What a great discussion! I agree with those who have suggested that playing music during free play can be counter-productive as it can cause some sensory overload in some children and be simply too loud for peer-to-peer interactions. Playing music during free play also prevents play in the music center. If you have a music area, then recorded music might be played to dance, sing along, or play along to, but it will be chosen by the children. Of course, this presupposes that the children have access to some recordings and something to play them on and can operate the device independently.
Several posters already identified wonderful opportunities for incorporating music: transitions from one activity to another, practicing executive functioning skills (impulse control, sharing, etc), signaling requested actions such as cleaning up, enhancing circle time, or as an intentional stimulus for process art.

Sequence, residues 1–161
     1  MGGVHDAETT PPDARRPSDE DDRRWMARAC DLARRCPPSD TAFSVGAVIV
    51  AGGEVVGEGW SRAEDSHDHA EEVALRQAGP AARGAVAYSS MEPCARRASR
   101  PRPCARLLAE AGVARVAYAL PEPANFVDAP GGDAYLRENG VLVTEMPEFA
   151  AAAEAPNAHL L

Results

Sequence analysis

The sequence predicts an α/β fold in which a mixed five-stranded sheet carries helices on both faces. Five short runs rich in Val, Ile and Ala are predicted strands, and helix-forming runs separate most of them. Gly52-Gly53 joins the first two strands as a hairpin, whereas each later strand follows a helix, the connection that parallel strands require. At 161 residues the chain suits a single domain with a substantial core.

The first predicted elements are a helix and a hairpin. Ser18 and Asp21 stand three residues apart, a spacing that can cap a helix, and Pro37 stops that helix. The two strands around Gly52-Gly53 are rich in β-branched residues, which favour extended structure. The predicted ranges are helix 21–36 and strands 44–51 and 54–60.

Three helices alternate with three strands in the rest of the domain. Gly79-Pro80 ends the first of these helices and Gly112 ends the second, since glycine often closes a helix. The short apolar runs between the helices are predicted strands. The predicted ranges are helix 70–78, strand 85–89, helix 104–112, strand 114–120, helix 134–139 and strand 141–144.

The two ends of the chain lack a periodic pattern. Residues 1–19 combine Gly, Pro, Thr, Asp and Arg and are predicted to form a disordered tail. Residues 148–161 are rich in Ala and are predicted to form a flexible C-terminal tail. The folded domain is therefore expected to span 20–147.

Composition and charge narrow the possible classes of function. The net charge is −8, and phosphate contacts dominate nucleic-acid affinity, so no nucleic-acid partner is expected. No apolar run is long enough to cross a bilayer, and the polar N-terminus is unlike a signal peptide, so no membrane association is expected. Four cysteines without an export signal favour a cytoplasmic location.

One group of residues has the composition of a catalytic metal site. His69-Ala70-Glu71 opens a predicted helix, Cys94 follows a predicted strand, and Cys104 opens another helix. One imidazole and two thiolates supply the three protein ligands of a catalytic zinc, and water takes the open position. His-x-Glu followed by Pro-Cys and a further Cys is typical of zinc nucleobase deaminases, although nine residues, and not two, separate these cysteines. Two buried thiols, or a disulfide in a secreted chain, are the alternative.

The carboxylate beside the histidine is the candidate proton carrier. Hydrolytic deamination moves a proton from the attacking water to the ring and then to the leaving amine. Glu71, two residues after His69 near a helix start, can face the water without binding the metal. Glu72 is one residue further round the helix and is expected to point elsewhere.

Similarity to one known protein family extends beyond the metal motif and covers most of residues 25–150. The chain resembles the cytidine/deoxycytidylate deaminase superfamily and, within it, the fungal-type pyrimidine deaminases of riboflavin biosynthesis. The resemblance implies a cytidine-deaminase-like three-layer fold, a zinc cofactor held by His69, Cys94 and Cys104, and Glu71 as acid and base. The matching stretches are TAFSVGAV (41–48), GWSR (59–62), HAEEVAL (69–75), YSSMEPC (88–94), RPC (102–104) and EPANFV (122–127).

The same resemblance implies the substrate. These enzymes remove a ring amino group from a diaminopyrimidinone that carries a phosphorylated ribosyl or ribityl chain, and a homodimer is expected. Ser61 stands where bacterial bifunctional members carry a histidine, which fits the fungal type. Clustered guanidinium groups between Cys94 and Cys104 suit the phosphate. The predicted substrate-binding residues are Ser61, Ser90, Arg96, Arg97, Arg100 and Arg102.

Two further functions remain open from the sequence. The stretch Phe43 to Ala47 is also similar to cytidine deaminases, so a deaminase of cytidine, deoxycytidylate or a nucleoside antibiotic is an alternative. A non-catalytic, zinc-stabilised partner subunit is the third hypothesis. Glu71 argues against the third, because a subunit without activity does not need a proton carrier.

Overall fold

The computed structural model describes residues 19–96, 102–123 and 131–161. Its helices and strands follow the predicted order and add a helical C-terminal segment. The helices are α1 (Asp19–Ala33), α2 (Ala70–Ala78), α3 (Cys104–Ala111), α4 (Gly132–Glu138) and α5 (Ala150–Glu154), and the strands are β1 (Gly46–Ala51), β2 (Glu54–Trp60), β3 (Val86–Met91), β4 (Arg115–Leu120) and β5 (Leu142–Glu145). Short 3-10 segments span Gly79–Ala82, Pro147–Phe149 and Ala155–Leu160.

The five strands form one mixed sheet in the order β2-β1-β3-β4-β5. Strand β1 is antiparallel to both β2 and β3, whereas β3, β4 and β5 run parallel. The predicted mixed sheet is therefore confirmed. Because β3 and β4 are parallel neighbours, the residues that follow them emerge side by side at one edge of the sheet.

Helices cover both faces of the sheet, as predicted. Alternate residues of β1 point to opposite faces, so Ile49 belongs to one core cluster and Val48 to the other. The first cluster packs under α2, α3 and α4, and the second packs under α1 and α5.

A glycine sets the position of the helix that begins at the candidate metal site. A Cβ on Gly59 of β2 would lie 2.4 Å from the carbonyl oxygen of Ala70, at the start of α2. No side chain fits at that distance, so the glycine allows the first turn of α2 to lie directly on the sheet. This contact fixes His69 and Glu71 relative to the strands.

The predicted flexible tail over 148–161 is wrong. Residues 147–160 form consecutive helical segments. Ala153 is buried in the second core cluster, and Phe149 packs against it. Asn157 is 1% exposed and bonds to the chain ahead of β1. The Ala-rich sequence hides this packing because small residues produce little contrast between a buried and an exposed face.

For some children, the addition of music in learning social-emotional or academic skills can open up a whole new arena of learning and processing. Music's inherent power comes from the ability of melody and harmony to attract attention and beat and rhythm to organize the auditory input into something the brain can process.
I really hope this conversation continues!